Regarding the overall idea of melee and ranged we could make it even simpler by just breaking up skills into ranged and melee. Melee skills are used on nearby targets, and ranged on those that are at least a minimum distance away (and possibly less than a max distance). This could apply to all skills, not just offensive ones. But it could be too simple. Who knows.
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Postby Roots » Sat Jul 21, 2007 10:11 am

ChopperDave wrote:Well, since we can give them the choice to change stance every turn, there’s really no need to make the beginning of the battle a special event.


Sure there is. Every battle is different, and you don't want to use the same default formation if you run into a group of 10 melee-type enemies versus 10 support-type enemies. It gives the player the opportunity to account for the battle at hand.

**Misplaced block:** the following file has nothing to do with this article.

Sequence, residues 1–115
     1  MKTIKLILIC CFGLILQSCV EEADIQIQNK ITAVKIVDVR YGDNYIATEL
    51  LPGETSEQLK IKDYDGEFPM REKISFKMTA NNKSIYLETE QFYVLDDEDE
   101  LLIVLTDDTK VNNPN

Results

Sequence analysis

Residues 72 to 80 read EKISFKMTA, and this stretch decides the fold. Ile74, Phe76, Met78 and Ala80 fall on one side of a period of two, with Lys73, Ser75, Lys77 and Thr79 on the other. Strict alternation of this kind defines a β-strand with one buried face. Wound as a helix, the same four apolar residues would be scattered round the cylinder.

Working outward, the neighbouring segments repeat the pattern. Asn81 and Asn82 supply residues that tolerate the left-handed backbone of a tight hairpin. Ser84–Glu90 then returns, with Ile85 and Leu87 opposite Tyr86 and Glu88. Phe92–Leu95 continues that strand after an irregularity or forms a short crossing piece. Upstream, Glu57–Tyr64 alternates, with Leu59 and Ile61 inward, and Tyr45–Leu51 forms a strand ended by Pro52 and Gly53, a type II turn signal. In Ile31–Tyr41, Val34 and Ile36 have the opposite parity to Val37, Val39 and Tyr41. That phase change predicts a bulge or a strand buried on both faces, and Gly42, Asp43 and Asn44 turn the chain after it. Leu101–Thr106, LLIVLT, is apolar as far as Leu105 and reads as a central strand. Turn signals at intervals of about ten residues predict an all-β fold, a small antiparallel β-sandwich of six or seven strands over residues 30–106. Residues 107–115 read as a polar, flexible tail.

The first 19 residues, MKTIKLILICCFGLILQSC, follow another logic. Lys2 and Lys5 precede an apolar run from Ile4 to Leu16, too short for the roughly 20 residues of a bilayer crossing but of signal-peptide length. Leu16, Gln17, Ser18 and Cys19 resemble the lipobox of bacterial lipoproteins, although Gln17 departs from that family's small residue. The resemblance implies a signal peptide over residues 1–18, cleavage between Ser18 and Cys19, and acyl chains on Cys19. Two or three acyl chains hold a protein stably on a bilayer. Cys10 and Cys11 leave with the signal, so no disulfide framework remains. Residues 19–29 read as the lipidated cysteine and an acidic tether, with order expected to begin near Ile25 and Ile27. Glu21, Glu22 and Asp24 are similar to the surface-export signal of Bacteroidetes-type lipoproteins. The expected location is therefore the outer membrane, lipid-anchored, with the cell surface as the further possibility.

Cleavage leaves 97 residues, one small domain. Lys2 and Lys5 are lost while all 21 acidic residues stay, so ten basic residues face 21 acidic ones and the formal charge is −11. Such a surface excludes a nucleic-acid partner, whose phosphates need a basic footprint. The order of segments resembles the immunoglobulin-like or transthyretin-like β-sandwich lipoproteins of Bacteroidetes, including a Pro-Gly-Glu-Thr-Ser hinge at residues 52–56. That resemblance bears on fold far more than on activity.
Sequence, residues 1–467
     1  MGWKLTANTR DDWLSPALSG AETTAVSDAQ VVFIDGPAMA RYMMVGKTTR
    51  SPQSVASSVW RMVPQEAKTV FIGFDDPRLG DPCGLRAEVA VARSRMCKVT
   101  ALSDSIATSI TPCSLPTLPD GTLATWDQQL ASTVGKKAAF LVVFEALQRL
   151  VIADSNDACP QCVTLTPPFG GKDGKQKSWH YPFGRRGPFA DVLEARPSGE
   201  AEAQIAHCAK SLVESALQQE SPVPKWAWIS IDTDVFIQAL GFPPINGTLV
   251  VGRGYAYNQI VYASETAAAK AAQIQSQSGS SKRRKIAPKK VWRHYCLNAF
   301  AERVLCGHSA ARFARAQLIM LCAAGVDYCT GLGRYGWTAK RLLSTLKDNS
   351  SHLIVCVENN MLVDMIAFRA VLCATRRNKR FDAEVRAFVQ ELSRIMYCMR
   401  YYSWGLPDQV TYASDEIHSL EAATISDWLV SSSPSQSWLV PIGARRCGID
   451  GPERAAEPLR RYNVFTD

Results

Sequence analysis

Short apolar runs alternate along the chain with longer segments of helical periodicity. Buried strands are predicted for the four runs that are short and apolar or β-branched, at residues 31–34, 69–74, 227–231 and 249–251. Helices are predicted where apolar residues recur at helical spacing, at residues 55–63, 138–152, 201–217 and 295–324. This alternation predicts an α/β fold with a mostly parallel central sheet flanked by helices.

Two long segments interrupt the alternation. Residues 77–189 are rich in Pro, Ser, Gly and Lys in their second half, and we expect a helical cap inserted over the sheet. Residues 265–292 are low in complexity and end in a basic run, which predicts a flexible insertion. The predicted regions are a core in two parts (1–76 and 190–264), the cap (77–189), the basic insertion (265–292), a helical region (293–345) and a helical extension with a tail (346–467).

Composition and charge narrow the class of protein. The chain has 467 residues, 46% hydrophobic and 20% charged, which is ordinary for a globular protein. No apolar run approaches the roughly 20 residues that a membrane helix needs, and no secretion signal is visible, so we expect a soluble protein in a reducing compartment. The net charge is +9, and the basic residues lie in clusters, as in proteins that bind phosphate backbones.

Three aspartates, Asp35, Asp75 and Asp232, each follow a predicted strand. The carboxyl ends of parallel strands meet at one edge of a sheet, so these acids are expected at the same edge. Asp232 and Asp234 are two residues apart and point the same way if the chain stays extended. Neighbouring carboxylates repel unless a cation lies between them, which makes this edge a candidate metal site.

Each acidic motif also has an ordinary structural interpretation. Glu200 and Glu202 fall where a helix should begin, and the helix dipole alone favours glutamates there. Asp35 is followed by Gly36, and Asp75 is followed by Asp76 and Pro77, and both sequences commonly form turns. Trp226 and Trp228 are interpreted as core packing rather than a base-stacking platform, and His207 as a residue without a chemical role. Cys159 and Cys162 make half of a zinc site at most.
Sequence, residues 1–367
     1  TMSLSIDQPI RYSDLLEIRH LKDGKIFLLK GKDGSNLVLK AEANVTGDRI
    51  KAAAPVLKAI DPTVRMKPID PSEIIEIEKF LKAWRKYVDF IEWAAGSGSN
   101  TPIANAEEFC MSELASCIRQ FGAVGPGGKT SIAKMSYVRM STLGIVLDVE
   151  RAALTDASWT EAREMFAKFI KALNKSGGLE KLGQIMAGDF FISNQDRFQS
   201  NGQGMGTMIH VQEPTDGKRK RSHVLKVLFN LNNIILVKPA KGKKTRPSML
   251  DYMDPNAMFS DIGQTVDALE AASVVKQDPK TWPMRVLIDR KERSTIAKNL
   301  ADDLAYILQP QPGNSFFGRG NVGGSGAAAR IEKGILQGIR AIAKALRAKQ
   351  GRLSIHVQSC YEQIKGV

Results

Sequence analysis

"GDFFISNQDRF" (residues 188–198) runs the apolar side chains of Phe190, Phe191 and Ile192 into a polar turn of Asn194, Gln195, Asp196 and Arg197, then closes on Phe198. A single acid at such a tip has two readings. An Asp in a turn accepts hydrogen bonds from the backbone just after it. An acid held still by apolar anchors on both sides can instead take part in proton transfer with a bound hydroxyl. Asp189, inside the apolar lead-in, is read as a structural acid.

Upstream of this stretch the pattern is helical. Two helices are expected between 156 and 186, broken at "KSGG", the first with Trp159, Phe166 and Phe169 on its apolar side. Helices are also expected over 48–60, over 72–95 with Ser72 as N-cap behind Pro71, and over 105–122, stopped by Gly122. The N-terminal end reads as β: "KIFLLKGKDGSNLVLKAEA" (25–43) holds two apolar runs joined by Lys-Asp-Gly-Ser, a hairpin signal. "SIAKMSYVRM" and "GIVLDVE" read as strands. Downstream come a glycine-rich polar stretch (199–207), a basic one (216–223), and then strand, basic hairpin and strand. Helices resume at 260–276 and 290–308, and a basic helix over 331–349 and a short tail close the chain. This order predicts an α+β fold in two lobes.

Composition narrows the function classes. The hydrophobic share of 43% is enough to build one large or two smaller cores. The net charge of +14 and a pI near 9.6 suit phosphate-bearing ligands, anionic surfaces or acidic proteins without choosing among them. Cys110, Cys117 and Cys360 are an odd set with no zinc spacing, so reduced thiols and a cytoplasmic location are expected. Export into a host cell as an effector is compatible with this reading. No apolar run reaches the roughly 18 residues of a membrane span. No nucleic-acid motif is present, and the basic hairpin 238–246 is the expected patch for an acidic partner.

ChopperDave wrote:What happens if they change their stance mid-battle, like from melee to ranged? Do they leap back to safety or stay put in the middle of danger?


If they change the support mode, they'd leap back from the front lines if they were in melee mode. And if they are in support mode and change to melee, they'll come out from the supporting ranks and join the fight on the front lines.

3) Melee units can only target those enemies which are physically close to them, which would be either their default target, or any other enemy units which are close by. If a melee unit wants to select another target that is out of range, they have to spend a turn running over to the new enemy target.